Nigeria Christians On Edge As Muslim Wins Presidential Ballot

Tuesday, April 24, 2007

By BosNewsLife News Center

ABUJA, NIGERIA (BosNewsLife) -- Christians in Nigeria were on high alert Monday, April 23, as election officials confirmed that the outgoing Christian president of Nigeria will be succeeded by a controversial Muslim candidate following Saturday's election.

Independent National Electoral Commission Chairman Maurice Iwu said Umaru Yar'Adua had won the vote, which observers said was marred by fraud and violence.

"Candidate Atiku Abubakar, party AC, 2,637,848 votes; Major General Muhammadu Buhari, ANPP, 6,605,299 votes; Umaru Musa Yar'Adua, PDP, 24,638,063. I will like to further affirm that Umar Musa Yar'Adua of PDP, having satisfied the requirement of the law, and scored the highest number of votes, is declared winner," he announced in comments aired by the Voice Of America (VOA).

Shortly before the announcement Christians in Nigeria and abroad have raised concern about the impact a new Muslim president would have on religious freedom in Africa's most populous nation.


"If there's a Muslim-elected president – and the two leading candidates are both Muslim - Christian rights in that country will continue to suffer,” Open Doors USA president Car Moeller told Mission Network News. “We know that Nigeria is the home to some of the largest and fastest growing churches in Africa. However, there's also a great deal of persecution going on in the northern states."

A Christian teacher was recently brutally beaten and burned alive by her students in a Muslim dominated northern town. Two days later in the same town, an evangelical church was burned, Christian officials and human rights watchers said.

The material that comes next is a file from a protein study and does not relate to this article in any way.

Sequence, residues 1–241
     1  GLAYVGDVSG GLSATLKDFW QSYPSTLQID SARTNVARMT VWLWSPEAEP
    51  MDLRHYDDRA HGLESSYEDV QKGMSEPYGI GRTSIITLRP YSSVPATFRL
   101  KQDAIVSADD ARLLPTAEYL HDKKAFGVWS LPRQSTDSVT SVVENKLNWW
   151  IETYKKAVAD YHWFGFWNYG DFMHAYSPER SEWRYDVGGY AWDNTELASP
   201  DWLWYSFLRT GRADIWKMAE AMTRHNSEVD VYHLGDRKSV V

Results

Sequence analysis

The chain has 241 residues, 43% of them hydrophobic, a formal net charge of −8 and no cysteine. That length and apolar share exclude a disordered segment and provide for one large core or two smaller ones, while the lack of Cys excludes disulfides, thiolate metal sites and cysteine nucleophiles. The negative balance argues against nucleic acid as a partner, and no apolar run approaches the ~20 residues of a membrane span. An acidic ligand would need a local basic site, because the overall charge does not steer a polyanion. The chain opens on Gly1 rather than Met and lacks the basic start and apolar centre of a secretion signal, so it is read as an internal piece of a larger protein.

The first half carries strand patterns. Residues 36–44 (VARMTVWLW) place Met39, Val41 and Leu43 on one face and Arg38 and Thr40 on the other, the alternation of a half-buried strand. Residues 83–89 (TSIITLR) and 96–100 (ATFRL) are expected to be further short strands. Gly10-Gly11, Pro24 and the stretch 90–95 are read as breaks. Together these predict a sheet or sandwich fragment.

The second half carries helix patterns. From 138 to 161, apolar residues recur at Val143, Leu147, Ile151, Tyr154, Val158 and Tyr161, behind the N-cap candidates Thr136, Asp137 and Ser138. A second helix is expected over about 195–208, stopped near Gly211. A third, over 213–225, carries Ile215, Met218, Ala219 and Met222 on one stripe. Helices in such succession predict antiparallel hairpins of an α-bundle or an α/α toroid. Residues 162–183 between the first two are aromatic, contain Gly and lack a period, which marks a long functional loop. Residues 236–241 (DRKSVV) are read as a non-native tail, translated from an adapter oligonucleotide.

Nigeria's outgoing President Olusegun Obasanjo urged those opposing the outcome to take advantage of constitutional and legal mechanisms to seek redress.

"Elections are a process which allow for dissent and have in-built mechanism for redress," he said. "Our constitutional and legal system anticipates that participants in elections may feel aggrieved and therefore provide remedies. Our elections could not have been said to have been perfect. My advice to all those who feel aggrieved by the outcome of the elections, is that they should avail themselves of the laid-down procedure for seeking redress in electoral matters."


Some opposition candidates have reportedly vowed to challenge the elections at election tribunals. Obasanjo was scheduled to step down next month, when his second four-year term ends. The process is meant to set up Nigeria's first-ever handover of power between elected heads of state.

However dozens of Nigerians have died in violence related to the elections. The new president is expected to deal with corruption and grinding poverty and religious and ethnic violence which has killed thousands since military rule ended in 1999.

Yar'Adua reportedly assured Anglican Archbishop Peter Akinola in a special meeting last month that he would respect "all religions" should he be sworn in as president on May 29.

"I would like to see that I have a government that is trusted and credible and that can be so, if we have proper respect for law and order - in other words the rule of law is placed in an exulted position," he said in an interview. However Christians in especially Muslim dominated regions have heard this rhetoric before and Nigerian churches on Monday, April 23, were anxiously watching whether the political intentions would become reality. (With reports from Nigeria).

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